Ever since I was a kid and roaming the sooty canyons of Manhattan, I've played a game of sorts.
I've always as I walk through the city, I counted the number of stores on a block and calculated what percentage of those stores were empty.
Before New York got malled, I'd guess about 10% of stores at any one time were empty. That's probably equivalent to 4% being 'normal' unemployment--that is people who decide they want to take some time off, relocate, whatever. For retail, 10% is probably normal.
During the recessions we've had every few years since the first gas crisis in 1973, the percentage would rise to 15% or 20%. These days, with Amazon accounting for 49% of all online sales and Walmart accounting for nearly 10% of all bricks and mortar sales, I'd guess one out of four stores in New York are empty. That's 25%.
It's sad. Who would have thought Madison Avenue would begin to resemble a rarefied rust belt.
I'm rounding into a point.
It seems to me, a lot of businesses--and Madison Avenue retail is really just a metaphor--need a lot of help. They need ideas on how to not just revitalize their businesses, but maybe, more critically, viable-ize their business.
I am from an old school--a very old school. But I've always felt that for people to be happy at work, they need to find a little nobility in what they do. A school teacher shapes generations. A doctor saves lives. Even a letter carrier delivers important information, love letters, social security checks.
People need to feel they're making a difference. That they're not obscure.
Even though I'm only a copywriter, I believe in the power of good advertising, and the nobility of helping companies succeed. Helping them not be one of the metaphorical empty storefronts. I think there's a nobility in that.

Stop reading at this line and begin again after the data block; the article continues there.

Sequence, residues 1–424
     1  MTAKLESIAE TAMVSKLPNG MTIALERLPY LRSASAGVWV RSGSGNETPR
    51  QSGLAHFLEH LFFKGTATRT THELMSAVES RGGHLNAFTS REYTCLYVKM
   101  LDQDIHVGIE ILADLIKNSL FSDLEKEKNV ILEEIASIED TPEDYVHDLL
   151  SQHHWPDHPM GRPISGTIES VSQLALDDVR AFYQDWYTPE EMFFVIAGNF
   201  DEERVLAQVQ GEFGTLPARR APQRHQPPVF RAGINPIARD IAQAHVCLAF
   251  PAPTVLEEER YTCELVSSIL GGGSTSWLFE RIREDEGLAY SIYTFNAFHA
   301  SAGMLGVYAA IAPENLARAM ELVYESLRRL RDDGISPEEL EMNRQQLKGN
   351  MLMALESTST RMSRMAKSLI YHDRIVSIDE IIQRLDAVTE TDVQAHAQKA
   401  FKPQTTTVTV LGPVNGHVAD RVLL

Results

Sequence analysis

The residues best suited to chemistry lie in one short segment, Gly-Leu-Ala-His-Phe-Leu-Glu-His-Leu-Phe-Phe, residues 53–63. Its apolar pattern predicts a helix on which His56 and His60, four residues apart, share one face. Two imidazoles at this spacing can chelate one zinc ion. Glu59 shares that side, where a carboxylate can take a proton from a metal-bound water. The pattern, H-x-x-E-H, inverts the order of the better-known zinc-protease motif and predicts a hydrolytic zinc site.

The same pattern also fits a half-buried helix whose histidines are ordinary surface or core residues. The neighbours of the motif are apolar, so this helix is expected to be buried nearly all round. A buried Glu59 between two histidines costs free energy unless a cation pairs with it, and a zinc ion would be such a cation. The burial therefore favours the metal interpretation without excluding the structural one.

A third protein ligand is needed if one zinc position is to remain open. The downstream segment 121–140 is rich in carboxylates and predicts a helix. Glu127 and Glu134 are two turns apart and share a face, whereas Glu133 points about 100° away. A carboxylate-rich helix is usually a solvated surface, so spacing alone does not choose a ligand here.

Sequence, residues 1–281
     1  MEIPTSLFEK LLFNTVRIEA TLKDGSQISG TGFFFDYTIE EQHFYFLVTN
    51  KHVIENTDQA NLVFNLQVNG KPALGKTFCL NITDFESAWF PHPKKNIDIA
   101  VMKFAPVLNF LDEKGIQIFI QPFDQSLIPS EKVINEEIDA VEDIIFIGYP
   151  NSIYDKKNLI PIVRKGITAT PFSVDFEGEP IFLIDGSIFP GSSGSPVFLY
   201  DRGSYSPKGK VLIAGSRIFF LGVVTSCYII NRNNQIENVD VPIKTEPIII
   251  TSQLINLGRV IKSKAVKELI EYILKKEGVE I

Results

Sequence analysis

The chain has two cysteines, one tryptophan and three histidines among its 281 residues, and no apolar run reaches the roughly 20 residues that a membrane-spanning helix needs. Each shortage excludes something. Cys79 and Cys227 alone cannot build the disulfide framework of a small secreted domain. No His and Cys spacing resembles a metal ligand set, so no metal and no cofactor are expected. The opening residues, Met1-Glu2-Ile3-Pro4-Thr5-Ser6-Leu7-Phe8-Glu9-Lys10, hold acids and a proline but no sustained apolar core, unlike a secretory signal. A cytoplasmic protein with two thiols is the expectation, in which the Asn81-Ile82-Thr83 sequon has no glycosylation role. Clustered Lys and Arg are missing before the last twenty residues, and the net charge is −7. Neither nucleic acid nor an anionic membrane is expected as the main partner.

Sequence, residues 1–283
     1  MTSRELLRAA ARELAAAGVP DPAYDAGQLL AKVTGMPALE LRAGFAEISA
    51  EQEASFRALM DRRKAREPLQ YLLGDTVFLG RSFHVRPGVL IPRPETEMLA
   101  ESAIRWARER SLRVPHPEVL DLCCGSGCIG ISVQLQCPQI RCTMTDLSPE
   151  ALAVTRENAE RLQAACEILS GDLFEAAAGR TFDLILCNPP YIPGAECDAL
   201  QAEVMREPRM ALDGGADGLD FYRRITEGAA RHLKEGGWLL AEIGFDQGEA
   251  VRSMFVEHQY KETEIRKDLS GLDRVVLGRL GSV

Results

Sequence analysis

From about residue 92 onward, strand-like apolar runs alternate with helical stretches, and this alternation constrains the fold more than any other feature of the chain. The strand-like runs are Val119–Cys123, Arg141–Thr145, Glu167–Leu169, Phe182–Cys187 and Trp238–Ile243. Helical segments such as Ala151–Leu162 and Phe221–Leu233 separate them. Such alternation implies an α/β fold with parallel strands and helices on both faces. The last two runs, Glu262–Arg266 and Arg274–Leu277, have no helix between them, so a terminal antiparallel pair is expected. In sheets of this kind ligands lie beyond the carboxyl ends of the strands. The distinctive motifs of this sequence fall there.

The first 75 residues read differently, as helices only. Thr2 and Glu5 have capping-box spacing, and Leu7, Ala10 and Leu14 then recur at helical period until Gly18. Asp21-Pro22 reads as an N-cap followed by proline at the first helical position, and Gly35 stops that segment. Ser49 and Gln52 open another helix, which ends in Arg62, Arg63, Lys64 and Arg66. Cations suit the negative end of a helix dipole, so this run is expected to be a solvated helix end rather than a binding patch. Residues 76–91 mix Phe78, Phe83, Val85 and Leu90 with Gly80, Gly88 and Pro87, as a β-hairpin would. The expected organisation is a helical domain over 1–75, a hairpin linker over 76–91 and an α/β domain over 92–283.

In fact, again maybe arrogantly, I always retched a bit when the Republicans crafted the semantic legerdemain of calling the Plutocrat class "job creators." I always thought I was a job creator. By stimulating demand for a company or a product, you stimulate sales which creates jobs.
In other words, I always thought there was a nobility in that.
More and more in the business today--especially since the onslaught of the AWARDS-INDUSTRIAL-COMPLEX, the business seems to be divorced from the nobility of helping companies succeed. Instead it's more focused on helping our selves succeed. That's how the industry is finding its nobility. Fake ads. Fake clients. Fake causes. Fake purpose.
I think philosophers might call that solipsistic. Or maybe, if they're a little less hoity-toity than I am, self-serving.
I don't know what's the matter with me. Why I'm not interested in the extrinsic appurtenances of the business. Why doing some artificial work for an artificial client that wins the praise of artificial judges in an artificial locale does nothing for my own personal swagger.
Nearly every day I see empty storefronts, or companies in near-death throes, or companies who don't know who they are or don't know what they sell.
That's what I want to do.
I like mammon as much as the next guy. But I really like being given the toughest puzzles and solving them.
I think there's a certain satisfaction in that. A certain sense of accomplishment. And nobility.
I don't need to swagger about it.